Therefore, total number of variable names = 52 + 3224 + 199888 = 203164 

Principle of Inclusion-Exclusion :

The sum rule mentioned above states that if there are multiple sets of ways of doing a task, there shouldn’t be any way that is common between two sets of ways because if there is, it would be counted twice and the enumeration would be wrong. 

The principle of inclusion-exclusion says that in order to count only unique ways of doing a task, we must add the number of ways to do it in one way and the number of ways to do it in another and then subtract the number of ways to do the task that are common to both sets of ways. 
The principle of inclusion-exclusion is also known as the subtraction principle. For two sets of ways A_1     and A_2     , the enumeration would like this- 

|A_1 \cup A_2| = |A_1| + |A_2| - |A_1\cap A_2|

|A ? B| = |A| +|B| ?|A ? B|

Example 1 – How many binary strings of length 8 either start with a ‘1’ bit or end with two bits ’00’? 

Solution – If the string starts with one, there are 7 characters left which can be filled in 2^7 = 128     ways. 
If the string ends with ’00’ then 6 characters can be filled in 2^6 = 64     ways. 
Now if we add the above sets of ways and conclude that it is the final answer, then it would be wrong. This is because there are strings with start with ‘1’ and end with ’00’ both, and since they satisfy both criteria they are counted twice.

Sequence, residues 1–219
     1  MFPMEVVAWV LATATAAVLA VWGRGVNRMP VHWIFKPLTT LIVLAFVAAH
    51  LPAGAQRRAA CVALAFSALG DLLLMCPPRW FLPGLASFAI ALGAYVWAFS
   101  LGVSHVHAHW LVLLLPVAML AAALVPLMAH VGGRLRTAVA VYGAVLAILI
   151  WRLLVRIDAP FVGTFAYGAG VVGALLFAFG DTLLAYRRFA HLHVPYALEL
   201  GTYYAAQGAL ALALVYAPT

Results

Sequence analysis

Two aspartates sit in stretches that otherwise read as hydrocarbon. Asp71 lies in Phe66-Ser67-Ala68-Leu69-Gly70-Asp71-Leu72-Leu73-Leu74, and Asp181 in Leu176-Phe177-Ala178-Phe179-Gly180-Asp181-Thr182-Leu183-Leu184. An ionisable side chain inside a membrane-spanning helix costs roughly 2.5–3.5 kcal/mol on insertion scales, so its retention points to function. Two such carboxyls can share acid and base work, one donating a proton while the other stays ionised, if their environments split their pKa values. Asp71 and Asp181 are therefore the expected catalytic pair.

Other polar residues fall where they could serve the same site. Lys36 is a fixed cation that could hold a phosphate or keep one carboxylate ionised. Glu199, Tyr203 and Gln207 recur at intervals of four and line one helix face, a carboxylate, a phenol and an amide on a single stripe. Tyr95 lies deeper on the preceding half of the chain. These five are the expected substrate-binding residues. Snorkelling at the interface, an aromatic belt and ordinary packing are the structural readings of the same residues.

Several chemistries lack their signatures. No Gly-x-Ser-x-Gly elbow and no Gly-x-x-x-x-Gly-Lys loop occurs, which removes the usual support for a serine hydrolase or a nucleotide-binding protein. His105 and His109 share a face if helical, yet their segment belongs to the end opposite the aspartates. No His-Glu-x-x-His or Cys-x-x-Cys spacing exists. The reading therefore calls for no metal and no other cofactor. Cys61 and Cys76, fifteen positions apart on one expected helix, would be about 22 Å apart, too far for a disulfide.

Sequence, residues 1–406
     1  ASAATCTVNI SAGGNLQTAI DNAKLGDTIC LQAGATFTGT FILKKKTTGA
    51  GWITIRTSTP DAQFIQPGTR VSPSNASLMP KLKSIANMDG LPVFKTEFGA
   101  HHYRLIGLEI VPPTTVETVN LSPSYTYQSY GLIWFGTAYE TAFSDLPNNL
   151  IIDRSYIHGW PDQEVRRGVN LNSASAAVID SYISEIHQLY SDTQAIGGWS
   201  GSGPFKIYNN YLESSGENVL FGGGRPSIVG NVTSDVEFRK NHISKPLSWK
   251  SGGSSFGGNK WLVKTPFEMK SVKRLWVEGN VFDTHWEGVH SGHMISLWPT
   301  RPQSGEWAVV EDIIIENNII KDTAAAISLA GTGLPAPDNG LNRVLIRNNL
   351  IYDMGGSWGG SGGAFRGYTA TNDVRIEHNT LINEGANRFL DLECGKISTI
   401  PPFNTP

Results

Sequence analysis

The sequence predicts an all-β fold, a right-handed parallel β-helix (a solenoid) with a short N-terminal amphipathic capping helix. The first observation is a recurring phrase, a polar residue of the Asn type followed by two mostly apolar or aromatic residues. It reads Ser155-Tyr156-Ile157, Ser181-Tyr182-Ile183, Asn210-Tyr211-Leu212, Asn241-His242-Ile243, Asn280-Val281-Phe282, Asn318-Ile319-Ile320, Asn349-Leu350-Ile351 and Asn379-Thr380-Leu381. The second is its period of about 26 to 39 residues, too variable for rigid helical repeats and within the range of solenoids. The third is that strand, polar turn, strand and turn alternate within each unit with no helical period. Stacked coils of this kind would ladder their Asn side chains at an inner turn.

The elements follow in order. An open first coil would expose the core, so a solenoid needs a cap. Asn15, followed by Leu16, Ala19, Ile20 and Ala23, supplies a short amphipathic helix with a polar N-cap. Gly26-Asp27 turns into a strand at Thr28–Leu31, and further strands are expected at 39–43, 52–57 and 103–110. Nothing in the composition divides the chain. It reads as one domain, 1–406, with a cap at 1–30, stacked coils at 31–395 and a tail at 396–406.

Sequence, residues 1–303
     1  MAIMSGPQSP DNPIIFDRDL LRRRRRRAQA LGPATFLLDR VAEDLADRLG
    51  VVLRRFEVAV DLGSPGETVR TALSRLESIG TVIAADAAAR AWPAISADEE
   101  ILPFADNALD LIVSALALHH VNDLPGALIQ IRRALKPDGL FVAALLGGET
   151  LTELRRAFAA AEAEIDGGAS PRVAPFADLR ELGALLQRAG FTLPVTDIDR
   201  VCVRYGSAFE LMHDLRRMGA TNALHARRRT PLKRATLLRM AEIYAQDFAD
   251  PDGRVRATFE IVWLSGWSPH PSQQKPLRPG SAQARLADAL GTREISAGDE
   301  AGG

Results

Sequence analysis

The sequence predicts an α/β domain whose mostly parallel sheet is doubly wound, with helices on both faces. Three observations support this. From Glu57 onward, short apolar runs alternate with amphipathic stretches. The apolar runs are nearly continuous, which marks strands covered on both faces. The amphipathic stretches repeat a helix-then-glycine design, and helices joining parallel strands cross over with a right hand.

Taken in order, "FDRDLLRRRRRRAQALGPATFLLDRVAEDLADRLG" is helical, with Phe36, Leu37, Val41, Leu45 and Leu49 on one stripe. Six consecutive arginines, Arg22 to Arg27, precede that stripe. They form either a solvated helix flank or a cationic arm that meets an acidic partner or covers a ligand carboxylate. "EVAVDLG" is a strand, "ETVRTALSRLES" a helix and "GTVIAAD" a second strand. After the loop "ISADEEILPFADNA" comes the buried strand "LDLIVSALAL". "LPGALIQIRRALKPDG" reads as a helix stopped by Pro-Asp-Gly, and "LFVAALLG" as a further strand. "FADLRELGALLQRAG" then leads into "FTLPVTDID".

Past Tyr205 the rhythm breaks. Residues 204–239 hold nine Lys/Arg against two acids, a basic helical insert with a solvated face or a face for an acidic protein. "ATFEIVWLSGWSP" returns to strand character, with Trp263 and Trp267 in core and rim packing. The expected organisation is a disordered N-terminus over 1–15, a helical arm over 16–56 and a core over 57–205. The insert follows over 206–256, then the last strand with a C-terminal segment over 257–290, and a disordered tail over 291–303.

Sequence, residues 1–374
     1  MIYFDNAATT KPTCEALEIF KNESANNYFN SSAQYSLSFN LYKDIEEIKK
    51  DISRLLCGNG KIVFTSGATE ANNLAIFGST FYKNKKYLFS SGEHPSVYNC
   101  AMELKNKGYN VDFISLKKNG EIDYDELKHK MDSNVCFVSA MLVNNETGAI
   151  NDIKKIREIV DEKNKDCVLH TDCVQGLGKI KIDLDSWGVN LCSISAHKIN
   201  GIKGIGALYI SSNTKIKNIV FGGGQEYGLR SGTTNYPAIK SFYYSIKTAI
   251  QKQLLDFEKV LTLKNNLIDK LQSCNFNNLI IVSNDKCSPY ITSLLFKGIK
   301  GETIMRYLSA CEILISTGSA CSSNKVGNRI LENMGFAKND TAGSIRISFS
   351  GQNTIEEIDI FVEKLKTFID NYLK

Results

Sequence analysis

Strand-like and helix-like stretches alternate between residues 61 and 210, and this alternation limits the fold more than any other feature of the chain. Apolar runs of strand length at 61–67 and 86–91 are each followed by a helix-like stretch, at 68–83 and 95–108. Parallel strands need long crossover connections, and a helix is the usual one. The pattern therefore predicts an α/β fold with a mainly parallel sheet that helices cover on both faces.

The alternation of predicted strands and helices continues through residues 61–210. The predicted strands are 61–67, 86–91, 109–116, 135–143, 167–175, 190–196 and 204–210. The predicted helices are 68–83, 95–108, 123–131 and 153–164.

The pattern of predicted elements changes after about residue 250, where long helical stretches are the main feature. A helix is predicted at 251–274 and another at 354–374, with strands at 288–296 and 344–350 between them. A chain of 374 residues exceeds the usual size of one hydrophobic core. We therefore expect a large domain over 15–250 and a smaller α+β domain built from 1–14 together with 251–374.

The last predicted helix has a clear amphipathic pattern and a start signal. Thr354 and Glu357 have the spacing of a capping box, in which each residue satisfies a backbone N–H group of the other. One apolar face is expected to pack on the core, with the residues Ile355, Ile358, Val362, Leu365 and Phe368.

So we need to subtract such strings to get a correct count. 
Strings that start with ‘1’ and end with ’00’ have five characters that can be filled in 2^5 = 32     ways. 
So by the inclusion-exclusion principle we get- 
Total strings = 128 + 64 – 32 = 160 

Example 2 – How many numbers between 1 and 1000, including both, are divisible by 3 or 4? 

Solution – Number of numbers divisible by 3 = |A_1|     =\lfloor 1000/3\rfloor = 333
Number of numbers divisible by 4 = |A_2|     \lfloor 1000/4\rfloor = 250
Number of numbers divisible by 3 and 4 = |A_1 \cap A_2|     \lfloor 1000/12\rfloor = 83
Therefore, number of numbers divisible by 3 or 4 = |A_1 \cup A_2|     = 333 + 250 – 83 = 500

In the same way, we can be applied when the number of sets is larger. suppose there
are three sets, the inclusion-exclusion formula will be 

|A ? B ? C| = |A| +|B| +|C| ?|A ? B| ?|A ? C| ?|B ? C| +|A ? B ? C|

 the corresponding diagram will look like this:

the inclusion-exclusion formula for 3 sets 

And if you try to generalize for n-sets, the size of the union X1 ? X2 ? ··· ? Xn can be calculated by going through all possible intersections that contain some of the sets X1, X2,…, Xn. If the intersection contains an odd number of sets, its size is added to the answer, and otherwise, its size is subtracted from the answer.

Similar formulas for calculating the size of an intersection: